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Maker(s):Honeywell, Martha Ann
Culture:American (1787-1856)
Title:cutwork "The Endless Knot"
Date Made:ca. 1840
Type:Household Accessory
Materials:paper; ink
Place Made:United States; Eastern Atlantic Coast
Measurements:Frame: 7 x 8 1/4 x 5/8 in; 17.8 x 21 x 1.6 cm; Sheet: 5 1/8 x 6 1/8 in; 13 x 15.6 cm
Accession Number:  HD 2011.25.1
Credit Line:Hall and Kate Peterson Fund for Minor Antiques
Museum Collection:  Historic Deerfield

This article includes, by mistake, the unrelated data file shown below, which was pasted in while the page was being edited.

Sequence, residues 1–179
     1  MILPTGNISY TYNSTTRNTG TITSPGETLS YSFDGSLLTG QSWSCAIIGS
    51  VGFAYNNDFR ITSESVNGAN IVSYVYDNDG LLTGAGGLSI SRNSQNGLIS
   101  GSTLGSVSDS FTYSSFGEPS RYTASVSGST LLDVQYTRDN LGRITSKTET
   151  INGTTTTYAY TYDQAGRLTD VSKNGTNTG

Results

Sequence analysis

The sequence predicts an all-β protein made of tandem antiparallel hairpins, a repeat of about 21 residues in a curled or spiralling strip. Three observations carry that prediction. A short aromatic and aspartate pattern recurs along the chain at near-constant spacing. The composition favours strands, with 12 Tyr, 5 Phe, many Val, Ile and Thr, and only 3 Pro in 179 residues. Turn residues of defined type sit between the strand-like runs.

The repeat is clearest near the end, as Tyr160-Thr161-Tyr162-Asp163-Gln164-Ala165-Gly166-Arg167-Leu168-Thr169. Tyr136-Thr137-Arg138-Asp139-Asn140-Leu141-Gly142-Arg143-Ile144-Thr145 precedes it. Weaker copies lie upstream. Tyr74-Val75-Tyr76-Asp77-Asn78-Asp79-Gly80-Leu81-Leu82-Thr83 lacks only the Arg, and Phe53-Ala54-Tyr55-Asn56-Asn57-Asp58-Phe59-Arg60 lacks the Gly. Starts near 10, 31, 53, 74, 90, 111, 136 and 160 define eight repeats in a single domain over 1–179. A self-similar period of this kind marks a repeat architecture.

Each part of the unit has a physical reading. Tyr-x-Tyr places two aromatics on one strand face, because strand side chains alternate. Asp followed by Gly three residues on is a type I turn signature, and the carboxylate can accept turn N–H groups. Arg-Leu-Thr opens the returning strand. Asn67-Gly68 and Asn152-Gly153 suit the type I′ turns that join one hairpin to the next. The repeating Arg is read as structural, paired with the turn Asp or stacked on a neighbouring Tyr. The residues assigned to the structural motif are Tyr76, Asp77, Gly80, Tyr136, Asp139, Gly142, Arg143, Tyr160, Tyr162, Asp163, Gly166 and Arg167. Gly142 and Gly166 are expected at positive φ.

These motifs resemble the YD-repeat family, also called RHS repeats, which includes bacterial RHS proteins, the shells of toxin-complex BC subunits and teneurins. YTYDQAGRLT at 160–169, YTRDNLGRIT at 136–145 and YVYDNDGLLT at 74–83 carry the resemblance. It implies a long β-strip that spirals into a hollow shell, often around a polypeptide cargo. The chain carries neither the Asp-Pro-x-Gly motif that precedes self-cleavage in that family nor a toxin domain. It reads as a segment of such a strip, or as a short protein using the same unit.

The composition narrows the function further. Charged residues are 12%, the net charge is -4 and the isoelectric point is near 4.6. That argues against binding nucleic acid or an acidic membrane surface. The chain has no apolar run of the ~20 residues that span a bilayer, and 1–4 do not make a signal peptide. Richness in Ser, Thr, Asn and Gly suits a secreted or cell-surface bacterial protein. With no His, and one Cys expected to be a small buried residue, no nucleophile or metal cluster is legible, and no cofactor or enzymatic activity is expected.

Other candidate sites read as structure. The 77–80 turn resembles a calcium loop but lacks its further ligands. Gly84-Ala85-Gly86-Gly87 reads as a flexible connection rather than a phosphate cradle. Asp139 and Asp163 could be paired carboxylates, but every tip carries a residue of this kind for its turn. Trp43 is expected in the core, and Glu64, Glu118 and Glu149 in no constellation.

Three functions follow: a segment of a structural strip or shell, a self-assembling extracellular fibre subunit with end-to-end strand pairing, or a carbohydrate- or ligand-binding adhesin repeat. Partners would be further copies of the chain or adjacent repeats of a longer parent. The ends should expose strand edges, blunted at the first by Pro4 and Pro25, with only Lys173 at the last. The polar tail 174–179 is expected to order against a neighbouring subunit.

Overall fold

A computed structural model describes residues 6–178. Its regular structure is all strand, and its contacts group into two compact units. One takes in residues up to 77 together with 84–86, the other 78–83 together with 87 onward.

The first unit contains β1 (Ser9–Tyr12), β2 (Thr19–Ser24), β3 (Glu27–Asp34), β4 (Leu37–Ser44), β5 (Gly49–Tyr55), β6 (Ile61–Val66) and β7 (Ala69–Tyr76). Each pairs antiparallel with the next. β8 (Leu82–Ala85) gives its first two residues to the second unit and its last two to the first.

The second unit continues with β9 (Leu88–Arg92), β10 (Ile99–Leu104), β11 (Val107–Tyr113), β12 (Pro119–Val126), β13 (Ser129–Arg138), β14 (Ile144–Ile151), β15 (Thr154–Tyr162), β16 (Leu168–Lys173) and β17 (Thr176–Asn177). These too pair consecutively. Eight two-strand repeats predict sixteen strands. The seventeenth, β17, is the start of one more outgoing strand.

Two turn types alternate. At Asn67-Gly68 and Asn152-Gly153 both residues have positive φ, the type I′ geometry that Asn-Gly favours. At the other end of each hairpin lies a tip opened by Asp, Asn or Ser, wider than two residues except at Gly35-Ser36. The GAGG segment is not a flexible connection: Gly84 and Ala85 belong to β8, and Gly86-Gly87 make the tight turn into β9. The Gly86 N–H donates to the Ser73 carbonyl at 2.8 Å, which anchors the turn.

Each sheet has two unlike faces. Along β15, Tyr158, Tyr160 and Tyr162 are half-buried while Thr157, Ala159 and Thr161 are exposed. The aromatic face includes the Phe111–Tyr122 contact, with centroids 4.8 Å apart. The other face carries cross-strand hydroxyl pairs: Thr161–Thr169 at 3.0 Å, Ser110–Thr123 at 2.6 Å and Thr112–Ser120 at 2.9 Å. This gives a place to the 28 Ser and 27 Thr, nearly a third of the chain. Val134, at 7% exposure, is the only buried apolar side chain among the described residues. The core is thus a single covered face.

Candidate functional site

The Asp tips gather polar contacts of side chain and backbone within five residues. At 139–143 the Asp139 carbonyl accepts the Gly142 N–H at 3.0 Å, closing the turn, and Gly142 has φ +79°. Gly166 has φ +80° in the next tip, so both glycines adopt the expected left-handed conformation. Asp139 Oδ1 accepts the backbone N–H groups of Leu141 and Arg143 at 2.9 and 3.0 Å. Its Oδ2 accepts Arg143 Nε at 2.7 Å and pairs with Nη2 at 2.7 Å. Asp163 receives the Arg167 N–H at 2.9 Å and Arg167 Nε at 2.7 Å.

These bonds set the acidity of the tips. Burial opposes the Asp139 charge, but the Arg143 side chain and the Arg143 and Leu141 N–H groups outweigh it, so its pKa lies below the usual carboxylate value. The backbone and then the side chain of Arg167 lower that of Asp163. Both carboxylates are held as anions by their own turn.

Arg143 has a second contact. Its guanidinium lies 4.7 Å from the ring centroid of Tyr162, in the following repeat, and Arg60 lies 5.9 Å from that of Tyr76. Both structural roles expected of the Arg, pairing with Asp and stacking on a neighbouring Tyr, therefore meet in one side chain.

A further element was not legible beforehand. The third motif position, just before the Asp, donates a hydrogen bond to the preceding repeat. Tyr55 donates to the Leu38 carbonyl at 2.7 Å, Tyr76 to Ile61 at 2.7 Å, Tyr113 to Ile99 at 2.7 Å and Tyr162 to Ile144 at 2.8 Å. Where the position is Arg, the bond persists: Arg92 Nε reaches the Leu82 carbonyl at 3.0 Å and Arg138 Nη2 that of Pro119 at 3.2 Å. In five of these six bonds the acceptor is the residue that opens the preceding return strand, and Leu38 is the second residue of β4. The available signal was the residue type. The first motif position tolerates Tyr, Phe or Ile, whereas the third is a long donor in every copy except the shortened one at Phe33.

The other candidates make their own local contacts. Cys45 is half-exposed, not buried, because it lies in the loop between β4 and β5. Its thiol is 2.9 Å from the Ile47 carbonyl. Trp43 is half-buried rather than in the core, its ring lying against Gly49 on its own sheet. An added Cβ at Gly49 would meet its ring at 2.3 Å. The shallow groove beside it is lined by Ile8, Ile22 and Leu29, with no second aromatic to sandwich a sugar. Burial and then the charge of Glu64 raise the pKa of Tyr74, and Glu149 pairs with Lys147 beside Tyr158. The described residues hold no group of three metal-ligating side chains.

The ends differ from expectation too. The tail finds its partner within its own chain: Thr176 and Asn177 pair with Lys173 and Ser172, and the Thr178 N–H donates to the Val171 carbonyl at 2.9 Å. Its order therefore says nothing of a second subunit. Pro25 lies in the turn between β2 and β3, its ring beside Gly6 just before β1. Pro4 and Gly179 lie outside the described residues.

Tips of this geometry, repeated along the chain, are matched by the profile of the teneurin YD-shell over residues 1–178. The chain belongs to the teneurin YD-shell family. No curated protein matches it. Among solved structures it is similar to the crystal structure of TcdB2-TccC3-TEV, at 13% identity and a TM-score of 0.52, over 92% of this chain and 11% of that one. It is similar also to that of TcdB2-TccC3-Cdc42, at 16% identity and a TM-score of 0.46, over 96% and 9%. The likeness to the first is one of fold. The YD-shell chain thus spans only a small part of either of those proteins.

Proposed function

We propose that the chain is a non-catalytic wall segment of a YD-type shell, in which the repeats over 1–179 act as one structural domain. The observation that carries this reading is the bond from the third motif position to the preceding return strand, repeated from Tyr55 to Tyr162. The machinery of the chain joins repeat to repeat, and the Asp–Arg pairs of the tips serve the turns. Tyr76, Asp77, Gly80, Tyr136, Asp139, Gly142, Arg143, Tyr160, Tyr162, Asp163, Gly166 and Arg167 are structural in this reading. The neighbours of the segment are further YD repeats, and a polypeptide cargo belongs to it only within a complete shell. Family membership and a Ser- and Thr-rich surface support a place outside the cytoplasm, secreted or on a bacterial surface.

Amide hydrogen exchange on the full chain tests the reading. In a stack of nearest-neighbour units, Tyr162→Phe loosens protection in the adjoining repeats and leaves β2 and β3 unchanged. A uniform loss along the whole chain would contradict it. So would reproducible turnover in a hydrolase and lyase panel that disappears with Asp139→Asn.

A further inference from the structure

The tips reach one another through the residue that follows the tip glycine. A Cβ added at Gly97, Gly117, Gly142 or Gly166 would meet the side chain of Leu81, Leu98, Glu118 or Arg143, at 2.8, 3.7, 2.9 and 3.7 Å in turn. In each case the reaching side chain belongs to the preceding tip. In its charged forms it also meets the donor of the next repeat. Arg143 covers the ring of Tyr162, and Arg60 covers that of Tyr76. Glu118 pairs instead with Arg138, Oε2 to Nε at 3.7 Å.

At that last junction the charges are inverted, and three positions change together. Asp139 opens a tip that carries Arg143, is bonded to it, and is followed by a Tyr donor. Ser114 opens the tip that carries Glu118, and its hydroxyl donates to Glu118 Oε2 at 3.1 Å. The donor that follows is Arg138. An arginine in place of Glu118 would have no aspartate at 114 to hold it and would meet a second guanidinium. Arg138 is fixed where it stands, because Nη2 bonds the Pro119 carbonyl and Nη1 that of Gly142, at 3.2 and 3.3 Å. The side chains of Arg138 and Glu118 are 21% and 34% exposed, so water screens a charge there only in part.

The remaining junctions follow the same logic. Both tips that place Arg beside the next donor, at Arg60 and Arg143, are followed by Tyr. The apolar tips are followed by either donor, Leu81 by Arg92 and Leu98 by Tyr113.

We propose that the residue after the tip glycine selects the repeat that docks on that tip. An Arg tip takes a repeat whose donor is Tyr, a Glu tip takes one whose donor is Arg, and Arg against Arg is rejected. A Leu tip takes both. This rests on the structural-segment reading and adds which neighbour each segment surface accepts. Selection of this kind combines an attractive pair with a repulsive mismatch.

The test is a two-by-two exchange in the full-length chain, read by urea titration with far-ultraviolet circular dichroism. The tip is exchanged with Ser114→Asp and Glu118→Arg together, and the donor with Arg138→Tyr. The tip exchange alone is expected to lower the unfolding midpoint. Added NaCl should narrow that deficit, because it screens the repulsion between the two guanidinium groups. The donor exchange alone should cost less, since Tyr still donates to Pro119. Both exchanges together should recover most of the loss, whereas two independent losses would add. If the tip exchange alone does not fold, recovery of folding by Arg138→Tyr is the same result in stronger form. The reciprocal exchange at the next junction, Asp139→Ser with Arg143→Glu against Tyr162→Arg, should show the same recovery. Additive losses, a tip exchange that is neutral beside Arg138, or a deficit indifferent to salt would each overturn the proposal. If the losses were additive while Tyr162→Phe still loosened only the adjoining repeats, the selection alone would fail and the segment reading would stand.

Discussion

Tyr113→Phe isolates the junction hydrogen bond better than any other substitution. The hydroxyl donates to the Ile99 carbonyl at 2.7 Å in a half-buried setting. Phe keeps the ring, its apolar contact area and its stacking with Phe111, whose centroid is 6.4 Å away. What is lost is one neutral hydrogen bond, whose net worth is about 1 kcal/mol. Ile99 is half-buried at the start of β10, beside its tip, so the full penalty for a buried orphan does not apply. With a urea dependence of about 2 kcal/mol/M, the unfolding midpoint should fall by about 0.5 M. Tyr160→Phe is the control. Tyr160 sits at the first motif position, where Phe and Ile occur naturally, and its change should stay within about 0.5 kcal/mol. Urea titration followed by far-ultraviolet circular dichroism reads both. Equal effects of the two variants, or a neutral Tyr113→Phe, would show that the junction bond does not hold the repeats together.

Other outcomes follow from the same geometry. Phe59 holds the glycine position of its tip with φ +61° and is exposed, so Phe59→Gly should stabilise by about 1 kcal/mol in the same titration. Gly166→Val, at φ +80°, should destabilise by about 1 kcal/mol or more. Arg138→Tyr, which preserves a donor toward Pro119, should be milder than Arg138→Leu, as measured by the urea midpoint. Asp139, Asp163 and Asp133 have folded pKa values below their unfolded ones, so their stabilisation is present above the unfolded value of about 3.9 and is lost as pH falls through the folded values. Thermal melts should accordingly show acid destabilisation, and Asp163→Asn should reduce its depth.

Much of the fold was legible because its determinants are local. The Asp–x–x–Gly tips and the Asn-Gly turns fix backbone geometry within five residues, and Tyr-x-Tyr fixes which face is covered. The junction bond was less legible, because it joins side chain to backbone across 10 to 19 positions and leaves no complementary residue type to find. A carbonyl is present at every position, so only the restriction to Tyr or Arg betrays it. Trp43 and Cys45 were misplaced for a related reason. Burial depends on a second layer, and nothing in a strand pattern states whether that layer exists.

Cutwork picture in a design known as "The Endless Knot" made by Martha Ann Honeywell (1787-1856). Honeywell was known as an “extraordinary phenomenon” – throughout the United States and Europe as much for her accomplishments in embroidery, miniature writing, and paper cutting as for her body, which lacked hands and had only three toes on one foot. Born in Westchester, New York, in 1787, her career options were severely limited, but Honeywell was able to turn her debilitating qualities into tools for economic and social success as an accomplished visual and performance artist. At the young age of 11, Honeywell began to exhibit herself and performed sewing and ate food at the Museum of Gardiner Baker in New York City. By 1806, she began a life of itinerancy, making use of the rapidly expanding transportation network of turnpikes, canals, and after 1828, railroads. Honeywell toured from New England to South Carolina and Kentucky as well as Ireland, England, France, and Canada over her 50-year career. Throughout her career she produced a variety of visual arts including embroidery, tambouring, waxwork, ink drawing, miniature writing, and cloth and paper cutting. She usually sold her works for between 25 and 50 cents, in addition to her standard admission fee of 25 cents. This example of a cutwork paper Endless Knot, which is one of her largest works and her only known example of an Endless Knot, has been further ornamented by being sewn down onto a paper backing with a yellow feather edge ground and then pasted to plain white paper. She then inscribed the knot in ink as well as pricked it. The inscription reads: “In Jesus Christ the Gospel Faith hath broke the cords of sin and death. If thou a true believer be the knot of death is broke for thee and Christ but freeth thee from strife shall give thee everlasting life which life if thou consider well avoid the path that leads to Hell – man behold and then shall see how manifold thy evils be thy flesh without heart within is wrapt about useless sin & sin hath made an endless knot with death and shall faileth not and justice ceaseth not to say the soul sinneth it shall die & now. Man lament thy fate. Nor let repentance come too late.”

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